We began with a slow start today. The crazy tour schedule has left a few members of the choir with mild illnesses, so Dr. Crane and our tour manager Rex Barrington were able to rearrange our schedule to give us a long morning to relax and sleep in. We all felt very rejuvenated when we gathered together this morning; it was definitely a necessary break for us all!

Once we met together, we walked about five minutes away from our hotel to eat lunch at a local restaurant. By now, the choir has been separated into two rooms when we eat—those who want seafood and those who do not. Shrimp that looks back at us and crunchy jellyfish has been a little too much for some to handle. Today’s meal was pretty standard compared to what we’ve had so far in Hanoi; soup, chicken, fish, shrimp, and vegetables.

Walking to lunch after a restful morning

After lunch we immediately went to our performance location for today, the Military University of Culture and Arts (MUCA). BYU Singers performed with this same choir on Saturday night in the Hanoi Opera House, but this afternoon they met together at their university to have a clinic before an evening performance. After Dr. Crane taught about several basic aspects of choral singing, together both the MUCA Choir and BYU Singers learned a new piece, a beautiful arrangement of Ave Maria which they performed together at the concert tonight. They also rehearsed When the Trumpet Sounds, but the MUCA Choir provided a bassist and a drummer to play along with the piece.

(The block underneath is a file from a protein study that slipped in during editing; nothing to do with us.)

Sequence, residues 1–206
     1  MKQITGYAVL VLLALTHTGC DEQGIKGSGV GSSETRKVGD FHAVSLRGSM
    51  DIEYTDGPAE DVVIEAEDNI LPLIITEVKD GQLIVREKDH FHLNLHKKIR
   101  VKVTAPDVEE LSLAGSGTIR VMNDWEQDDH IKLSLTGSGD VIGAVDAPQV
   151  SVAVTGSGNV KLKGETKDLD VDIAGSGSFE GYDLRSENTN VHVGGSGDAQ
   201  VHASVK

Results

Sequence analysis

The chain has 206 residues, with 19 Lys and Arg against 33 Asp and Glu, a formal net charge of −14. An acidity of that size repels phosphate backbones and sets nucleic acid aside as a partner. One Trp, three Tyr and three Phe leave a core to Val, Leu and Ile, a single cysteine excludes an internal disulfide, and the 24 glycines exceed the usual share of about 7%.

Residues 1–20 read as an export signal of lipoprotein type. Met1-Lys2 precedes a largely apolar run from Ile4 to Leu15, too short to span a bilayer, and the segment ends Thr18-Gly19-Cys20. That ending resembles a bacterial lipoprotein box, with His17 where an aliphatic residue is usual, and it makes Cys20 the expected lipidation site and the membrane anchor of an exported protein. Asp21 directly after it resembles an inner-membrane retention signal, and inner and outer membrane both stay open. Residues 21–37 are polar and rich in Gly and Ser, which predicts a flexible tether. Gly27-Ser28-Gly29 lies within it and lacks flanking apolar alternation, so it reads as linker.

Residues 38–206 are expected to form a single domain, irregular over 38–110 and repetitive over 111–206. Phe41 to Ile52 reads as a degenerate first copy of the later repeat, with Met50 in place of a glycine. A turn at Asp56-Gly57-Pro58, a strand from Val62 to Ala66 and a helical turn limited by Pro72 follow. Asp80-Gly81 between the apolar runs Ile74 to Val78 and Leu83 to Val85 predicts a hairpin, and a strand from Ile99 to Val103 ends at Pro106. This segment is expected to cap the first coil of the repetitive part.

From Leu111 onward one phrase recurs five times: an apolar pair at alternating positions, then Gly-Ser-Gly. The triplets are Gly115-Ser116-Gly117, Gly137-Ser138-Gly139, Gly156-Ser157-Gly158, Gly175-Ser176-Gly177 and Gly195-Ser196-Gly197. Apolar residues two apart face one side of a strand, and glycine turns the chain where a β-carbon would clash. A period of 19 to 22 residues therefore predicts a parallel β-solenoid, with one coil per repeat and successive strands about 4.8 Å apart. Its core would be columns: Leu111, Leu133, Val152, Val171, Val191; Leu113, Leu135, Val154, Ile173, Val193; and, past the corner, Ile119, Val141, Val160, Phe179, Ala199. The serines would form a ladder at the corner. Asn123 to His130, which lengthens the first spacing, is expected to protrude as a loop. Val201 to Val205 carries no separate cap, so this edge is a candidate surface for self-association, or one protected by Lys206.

Combined rehearsal with the MUCA Choir

After the clinic, BYU Singers had a little bit of time to rehearse their repertoire alone. They polished Ly Ngua, a Vietnamese piece that the choir hasn’t yet performed on this tour. As usual, BYU Singers also worked on staging for their pieces in which the choir has more movement, such as Turkey in the Straw. We then were served a large dinner by the university before the evening performance.

A wonderful dinner served by the university

MUCA began the concert by presenting a gift to President Worthen, a painting that is very important to the Vietnamese culture. Afterwards, from the first moment BYU Singers walked on stage tonight the crowd began cheering and screaming. It’s unusual to receive that enthusiastic of a response by simply walking on stage, but we all knew from that moment that this crowd was going to react very well to the performance. The first half ended with Avsenik Medley, which the crowd thoroughly enjoyed. They couldn’t help but chuckle as the choir sang nonsense words and danced along to the catchy tune. Then near the end of the second half, the choir sang two Vietnamese pieces—Ly Ngua, which they rehearsed earlier, and Nguoi O Dung Ve. As soon as the audience heard the familiar words of these popular folk songs, they couldn’t help but clap and cheer. After the performance, many members of the choir were swarmed for photo opportunities. We said goodbye to President Worthen, Sister Worthen, and Vice President Rogers who will be departing from Vietnam tomorrow morning. It has been an incredible experience having them here with us throughout the past few days, and we very much appreciate the feelings of love and support they have shared with us.

Presenting President Worthen with a gift before the performance

Our very own barbershop quartet performs two pieces following the intermission

BYU Singers perform under the bright stage lights

Combined performance of Ave Maria which both choirs learned earlier today

Post performance photo opportunities

Members from both the MUCA Choir and BYU Singers pose for a group photo

A parting moment with President and Sister Worthen